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By Andrea Peyser
December 5, 2016
It was billed as a rally for students to demand free tuition from public institutions of higher education and lodge a cornucopia of grievances.
Instead, some giddy demonstrators devolved into a pack of rabid haters.
“Death to Jews! Death to Jews!” members of the crowd shrieked.
This didn’t happen in Germany in the 1930s, nor was it a modern-day ISIS extravaganza. The hatefest occurred last year at the Million Student March at Manhattan’s Hunter College, part of the City University of New York.
It was supposed to be an exercise in economic rage against the machine, taking place on campuses throughout the United States. But the Hunter event resembled a pogrom, with scared Jews slandered, scapegoated and made to fear for their physical safety
Welcome to today’s colleges and universities, many of them venues in which Jew-bashing is not just tolerated, it’s tacitly encouraged by the frequent inaction and support of woefully politically correct administrators and radical leftist professors.
“This has metastasized into a cancer,” Charles Jacobs, special consultant on the fascinating new documentary film “Hate Spaces: The Politics of Intolerance,” tells me. The title evokes the “safe spaces” — rooms stocked with such stuff as crayons and videos of frolicking puppies — set up on campuses to shield students from “microaggressions,” or ideas considering too “triggering” for delicate flowers to contemplate.
But with all the nonsensical coddling of infantilized kiddies, few places of learning are free from threats, harassment and verbal and sometimes physical attacks on Jews. As my own Jewish daughter prepares to go to college next year, this frightens me to the core.
Fighting the power is proving elusive.
Hunter’s president and student leaders released a statement a day after the rally declaring they “strongly condemn anti-Semitic comments.” Oh, that’ll stop them.
But in a CUNY-commissioned report released in September, lawyers Barbara Jones and Paul Shechtman of Bracewell LLP essentially concluded that they were shocked — shocked! — to find that anti-Semitic words and deeds have befouled four of the system’s campuses. Then the kicker: “Much of what we have reported is protected speech.”
Imagine the public outcry if a report about attacks waged against Muslims, blacks, Latinos, women, gays, lesbians, transgenders or members of any other protected group were deemed “protected speech.”
The concerted assault on Jews and the American value of inclusion masquerades as anti-Israel activity. But the two faces of hate are one and the same.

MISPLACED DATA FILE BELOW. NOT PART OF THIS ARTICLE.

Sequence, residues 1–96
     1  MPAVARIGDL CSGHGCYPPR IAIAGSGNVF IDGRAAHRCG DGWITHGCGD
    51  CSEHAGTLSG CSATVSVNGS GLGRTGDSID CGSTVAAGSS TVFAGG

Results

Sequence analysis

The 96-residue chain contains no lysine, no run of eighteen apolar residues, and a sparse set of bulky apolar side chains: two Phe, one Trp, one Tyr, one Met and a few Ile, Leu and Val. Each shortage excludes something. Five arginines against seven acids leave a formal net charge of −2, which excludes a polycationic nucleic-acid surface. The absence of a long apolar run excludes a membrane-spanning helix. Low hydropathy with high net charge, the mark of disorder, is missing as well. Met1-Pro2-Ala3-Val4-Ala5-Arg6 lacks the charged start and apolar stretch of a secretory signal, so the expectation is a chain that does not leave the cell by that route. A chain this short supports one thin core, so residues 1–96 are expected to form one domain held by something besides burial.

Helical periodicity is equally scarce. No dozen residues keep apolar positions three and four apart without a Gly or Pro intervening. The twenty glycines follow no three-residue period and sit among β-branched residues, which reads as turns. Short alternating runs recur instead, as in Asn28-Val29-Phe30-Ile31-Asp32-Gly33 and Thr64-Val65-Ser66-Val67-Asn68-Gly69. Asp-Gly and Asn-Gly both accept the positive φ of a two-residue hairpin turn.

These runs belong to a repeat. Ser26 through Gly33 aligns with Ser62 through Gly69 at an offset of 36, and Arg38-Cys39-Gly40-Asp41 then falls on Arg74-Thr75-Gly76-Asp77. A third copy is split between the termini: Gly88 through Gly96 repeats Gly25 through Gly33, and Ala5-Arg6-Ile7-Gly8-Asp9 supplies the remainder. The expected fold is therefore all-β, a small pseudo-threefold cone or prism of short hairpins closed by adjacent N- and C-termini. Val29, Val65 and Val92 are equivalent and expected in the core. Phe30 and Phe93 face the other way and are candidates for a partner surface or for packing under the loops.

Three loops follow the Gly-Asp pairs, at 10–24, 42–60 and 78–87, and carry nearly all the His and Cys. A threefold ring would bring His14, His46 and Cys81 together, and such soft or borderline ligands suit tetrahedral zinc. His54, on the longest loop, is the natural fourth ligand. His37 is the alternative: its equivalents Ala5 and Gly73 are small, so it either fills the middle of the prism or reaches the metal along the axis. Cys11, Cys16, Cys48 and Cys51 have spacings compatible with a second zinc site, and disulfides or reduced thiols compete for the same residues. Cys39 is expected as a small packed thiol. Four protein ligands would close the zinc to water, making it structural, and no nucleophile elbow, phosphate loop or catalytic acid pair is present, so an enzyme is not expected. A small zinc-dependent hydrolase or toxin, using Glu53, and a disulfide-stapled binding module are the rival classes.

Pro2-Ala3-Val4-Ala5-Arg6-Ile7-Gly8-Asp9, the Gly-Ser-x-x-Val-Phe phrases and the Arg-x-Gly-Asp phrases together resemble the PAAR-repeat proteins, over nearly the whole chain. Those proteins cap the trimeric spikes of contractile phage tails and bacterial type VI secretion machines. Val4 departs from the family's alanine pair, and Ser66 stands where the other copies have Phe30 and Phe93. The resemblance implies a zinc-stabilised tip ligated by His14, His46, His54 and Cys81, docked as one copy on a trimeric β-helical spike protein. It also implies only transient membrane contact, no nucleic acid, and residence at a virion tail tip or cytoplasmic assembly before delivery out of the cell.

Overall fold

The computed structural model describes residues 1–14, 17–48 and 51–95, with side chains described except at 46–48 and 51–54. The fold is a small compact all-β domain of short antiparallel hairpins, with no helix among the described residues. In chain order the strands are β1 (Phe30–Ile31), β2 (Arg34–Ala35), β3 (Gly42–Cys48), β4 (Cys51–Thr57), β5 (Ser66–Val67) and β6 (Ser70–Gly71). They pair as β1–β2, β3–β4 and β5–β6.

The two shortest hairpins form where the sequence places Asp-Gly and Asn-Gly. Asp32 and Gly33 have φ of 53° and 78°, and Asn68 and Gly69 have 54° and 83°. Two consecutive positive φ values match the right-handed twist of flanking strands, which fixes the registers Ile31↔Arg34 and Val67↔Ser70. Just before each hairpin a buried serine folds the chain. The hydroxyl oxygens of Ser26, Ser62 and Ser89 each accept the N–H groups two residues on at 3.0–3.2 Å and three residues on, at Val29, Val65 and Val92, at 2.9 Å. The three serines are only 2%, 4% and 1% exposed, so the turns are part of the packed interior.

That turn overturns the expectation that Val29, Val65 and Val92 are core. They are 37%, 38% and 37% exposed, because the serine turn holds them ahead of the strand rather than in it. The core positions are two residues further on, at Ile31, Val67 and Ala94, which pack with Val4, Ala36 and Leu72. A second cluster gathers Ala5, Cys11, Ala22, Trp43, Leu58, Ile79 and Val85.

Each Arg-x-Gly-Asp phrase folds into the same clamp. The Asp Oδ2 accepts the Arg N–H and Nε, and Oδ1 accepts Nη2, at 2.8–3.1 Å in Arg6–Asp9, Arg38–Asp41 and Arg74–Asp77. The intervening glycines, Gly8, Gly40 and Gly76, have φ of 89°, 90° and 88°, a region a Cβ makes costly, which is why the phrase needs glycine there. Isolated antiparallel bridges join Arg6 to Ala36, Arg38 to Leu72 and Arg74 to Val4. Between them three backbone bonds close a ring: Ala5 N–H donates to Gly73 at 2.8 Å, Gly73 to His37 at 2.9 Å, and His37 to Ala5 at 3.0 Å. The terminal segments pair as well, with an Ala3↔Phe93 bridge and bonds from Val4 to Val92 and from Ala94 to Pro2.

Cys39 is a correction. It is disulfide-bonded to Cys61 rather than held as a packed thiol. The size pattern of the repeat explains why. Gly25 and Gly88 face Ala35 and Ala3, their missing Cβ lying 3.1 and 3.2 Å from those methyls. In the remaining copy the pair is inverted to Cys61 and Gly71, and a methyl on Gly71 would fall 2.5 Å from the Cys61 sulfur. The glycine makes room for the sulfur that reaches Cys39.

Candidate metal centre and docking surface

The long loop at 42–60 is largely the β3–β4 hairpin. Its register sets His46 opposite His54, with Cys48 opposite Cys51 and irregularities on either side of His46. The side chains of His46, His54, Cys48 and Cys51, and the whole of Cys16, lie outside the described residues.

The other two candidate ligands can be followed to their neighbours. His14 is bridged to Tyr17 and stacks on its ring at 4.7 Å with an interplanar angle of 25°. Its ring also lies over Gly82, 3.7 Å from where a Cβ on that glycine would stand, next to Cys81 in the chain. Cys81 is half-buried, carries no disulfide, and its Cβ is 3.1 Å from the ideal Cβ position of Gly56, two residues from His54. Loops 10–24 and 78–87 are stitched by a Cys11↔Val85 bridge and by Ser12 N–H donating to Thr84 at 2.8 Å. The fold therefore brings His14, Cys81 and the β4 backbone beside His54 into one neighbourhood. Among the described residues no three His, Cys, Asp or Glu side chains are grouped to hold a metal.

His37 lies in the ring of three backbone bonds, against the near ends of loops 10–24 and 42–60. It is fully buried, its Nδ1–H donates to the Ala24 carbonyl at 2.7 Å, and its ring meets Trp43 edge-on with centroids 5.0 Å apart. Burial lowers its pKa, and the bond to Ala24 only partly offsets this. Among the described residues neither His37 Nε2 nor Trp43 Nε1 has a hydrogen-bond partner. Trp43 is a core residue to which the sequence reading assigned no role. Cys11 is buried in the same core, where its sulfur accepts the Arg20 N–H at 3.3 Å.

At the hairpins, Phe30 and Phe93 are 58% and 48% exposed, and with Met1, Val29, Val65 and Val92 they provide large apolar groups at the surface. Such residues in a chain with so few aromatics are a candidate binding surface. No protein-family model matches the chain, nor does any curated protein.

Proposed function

According to the documentary, put out by the Americans for Peace and Tolerance organization, of which Jacobs is president, anti-Jewish unrest at Hunter and elsewhere is ginned up by well-funded organizations with missions to destroy Israel, particularly Students for Justice in Palestine.
The groups promote the sickening international Boycott, Divestment and Sanctions movement — BDS. The aim is to stamp out trade with, and investments in, Israeli companies and to end cultural and academic exchanges with the Jewish state, the only country in the Middle East in which women enjoy equal rights and homosexuals don’t fear being thrown off tall buildings.
Two more examples:
A screening of a pro-Israel documentary this year at the University of California, Irvine, drew protesters who blocked the exit paths, chanted, “Long live the intifada,” and prompted attendees to fear for their safety and call campus police.
Mock “eviction notices” were slipped under dormitory room doors of more than 2,000 students believed to be Jewish at New York University in 2014 by members of a pro-Palestinian group, ordering them to leave.
The cruel prank has spread to at least a dozen other campuses.
“Hate Spaces” is executive-produced, directed and written by Ralph Avi Goldwasser, who 12 years ago helped create the doc “Columbia Unbecoming,” in which 14 students and graduates of Columbia University describe being intimidated by professors for expressing pro-Israel views.
“Since then, it’s only gotten worse,” Goldwasser tells me.
A 2013 workshop held at Yale University promoted “sensitivity,” even toward participants who’d indulged in or fantasized about such fetishes as bestiality. Yet what protections are afforded to those of the Jewish faith?
Near the doc’s end, Alan Dershowitz, a Harvard Law School professor emeritus, says, “We have to do more, we have to fight harder . . . because the facts are on our side, morality is on our side, history is on our side.”
I can only hope truth prevails.